A.B. Huckleby, J. Li, M. Shahrizan Jamal, M. Zhang
Florida State University,
Keywords: nanocomposite, carbon nanotube, structure recovery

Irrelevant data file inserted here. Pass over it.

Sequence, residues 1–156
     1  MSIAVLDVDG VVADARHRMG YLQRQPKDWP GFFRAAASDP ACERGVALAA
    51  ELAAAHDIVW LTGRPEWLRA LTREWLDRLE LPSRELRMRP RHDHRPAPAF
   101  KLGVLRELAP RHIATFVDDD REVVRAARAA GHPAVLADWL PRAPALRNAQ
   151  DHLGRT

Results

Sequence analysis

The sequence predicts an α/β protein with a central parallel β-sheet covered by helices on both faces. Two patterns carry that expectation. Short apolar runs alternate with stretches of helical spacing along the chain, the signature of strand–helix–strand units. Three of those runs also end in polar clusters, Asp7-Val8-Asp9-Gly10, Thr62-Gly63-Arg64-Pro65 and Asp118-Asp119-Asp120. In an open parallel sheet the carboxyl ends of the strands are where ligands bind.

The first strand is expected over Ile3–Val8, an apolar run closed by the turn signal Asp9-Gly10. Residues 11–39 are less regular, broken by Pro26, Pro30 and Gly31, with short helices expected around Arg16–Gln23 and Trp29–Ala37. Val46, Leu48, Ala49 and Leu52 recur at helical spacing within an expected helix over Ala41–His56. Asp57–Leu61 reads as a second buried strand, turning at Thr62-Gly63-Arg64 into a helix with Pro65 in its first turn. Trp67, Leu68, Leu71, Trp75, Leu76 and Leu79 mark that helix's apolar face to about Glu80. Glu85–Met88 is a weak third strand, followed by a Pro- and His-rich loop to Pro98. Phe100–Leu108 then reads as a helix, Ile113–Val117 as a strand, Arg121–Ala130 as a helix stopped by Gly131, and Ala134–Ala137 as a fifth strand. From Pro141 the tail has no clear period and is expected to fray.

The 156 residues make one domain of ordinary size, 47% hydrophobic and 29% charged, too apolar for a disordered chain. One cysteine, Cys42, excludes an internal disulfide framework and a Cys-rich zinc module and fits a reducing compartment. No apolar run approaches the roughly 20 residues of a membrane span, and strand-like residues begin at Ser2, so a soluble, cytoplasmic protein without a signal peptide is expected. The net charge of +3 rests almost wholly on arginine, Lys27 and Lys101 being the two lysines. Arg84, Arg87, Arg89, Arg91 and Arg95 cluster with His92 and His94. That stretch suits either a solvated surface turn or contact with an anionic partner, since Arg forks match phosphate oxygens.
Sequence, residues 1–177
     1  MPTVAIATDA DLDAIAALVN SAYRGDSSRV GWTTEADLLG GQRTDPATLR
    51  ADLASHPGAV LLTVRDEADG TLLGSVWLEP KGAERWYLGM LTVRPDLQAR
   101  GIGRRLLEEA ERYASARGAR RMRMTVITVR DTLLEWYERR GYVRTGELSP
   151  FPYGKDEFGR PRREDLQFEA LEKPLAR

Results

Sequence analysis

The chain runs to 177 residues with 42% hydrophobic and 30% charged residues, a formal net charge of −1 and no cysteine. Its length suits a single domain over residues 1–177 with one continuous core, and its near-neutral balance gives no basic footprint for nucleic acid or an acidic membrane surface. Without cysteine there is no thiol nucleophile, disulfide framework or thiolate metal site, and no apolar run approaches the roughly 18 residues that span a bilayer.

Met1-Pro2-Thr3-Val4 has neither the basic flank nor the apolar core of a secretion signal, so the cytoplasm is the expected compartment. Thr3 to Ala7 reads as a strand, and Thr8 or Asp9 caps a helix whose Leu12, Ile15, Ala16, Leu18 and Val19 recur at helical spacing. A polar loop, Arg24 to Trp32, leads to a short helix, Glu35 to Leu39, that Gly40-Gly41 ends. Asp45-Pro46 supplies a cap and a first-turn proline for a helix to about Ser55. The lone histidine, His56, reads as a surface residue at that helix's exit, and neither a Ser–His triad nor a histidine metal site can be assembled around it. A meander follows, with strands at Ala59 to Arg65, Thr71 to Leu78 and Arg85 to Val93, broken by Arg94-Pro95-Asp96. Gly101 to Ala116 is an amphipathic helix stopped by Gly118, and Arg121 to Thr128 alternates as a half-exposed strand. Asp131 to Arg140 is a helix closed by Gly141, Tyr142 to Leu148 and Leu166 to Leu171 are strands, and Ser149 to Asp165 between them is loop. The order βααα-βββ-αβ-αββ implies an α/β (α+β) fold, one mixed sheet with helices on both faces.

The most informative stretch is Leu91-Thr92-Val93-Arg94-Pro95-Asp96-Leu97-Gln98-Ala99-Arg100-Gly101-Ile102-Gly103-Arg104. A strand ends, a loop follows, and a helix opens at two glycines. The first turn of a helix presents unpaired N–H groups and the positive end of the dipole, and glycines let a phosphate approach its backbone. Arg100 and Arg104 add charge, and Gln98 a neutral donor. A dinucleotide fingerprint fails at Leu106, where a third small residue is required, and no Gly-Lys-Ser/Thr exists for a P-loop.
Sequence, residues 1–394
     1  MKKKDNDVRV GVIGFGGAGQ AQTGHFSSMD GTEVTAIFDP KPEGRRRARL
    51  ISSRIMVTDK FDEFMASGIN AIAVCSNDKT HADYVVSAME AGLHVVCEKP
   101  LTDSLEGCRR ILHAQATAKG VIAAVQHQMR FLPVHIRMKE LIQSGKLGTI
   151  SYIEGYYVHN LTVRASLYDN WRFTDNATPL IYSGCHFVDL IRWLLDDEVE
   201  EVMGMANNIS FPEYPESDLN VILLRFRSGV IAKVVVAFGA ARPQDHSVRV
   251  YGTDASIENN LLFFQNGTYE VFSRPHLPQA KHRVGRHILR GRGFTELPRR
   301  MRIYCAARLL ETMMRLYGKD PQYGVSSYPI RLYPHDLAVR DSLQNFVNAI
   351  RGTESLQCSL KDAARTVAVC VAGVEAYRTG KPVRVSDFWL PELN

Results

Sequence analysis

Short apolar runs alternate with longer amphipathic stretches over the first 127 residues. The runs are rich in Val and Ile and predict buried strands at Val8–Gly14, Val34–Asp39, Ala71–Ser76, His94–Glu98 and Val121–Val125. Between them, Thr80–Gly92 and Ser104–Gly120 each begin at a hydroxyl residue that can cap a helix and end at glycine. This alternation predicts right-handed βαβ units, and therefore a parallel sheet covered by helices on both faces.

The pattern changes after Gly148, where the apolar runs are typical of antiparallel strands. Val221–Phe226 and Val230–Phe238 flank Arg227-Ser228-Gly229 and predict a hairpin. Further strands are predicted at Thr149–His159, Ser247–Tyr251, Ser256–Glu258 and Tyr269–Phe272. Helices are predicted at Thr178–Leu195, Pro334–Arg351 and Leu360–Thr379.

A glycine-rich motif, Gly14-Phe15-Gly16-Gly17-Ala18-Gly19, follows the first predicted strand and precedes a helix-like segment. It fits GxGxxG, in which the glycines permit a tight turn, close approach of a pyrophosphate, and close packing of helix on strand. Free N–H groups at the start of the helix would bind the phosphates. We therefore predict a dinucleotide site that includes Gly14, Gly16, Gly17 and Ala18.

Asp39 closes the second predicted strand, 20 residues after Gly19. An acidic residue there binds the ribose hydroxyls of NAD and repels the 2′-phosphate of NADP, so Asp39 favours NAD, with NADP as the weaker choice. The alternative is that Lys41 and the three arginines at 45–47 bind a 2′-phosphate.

Summary:The demand for lightweight and strong structures continues to rise especially for weight critical applications such as aerospace and automotive. It is also desired that the materials can recover after being deformed. In this work, we fabricated a special lightweight material, nanocarbon foam, and then reinforced the foam by infiltrating the thermoplastic polymer into the foam to form a nanocomposite. Such nanocomposite is lightweight, strong, and recoverable in both structure and property after deformation. Nanocarbon foam is a porous carbon material based on carbon nanotubes (CNTs). Different from various methods used to produce CNT foams, we made nanocarbon foams by using polymer spheres as template and achieved the foams with regular cell shape and controllable pore size. The CNT networks form the struts of the foam. We used polyacrylonitrile (PAN) as precursor to reinforce the CNT network by locking the contacted CNTs and generating connections among CNTs because PAN is converted into nano-graphitic structures through carbonization process. The produced nanocarbon foam is lightweight, conductive, and exceptionally elastic. The nanocomposite is made by infiltrating thermoplastic polymer into the nanocarbon foam. Unlike the infiltration process reported in literatures, our process only coats the polymer on to the surface of the CNTs in the cell walls. The polymer coatings reinforce the wall of the cells in the foam effectively. The compressive strength is increased tens of times while the electrical property is kept intact. The nanocomposites are not elastic. When compressed, the permanent deformation occurs due to the plastic deformation undergone by the polymer. We found that the permanent deformation can be recovered by simply using heat. Heating the deformed nanocomposite to the temperature around the glass transition temperature (Tg) range of polymer, results in the full strain recovery of the nanocomposite. It is because that the polymer assumes a soft and rubbery behavior beyond Tg, while the intrinsically elastic CNTs, which are still surrounded by polymer, are able to rebound and exhibit their elasticity by overcoming the force applied by the enclosing polymer upon the reduction in its Young’s modulus. At the temperature higher than polymer’s Tg, the nanocomposite is elastic, while it becomes rigid again when its temperature is lower than Tg. It is remarkable that the recovery in both structure and property can be repeated.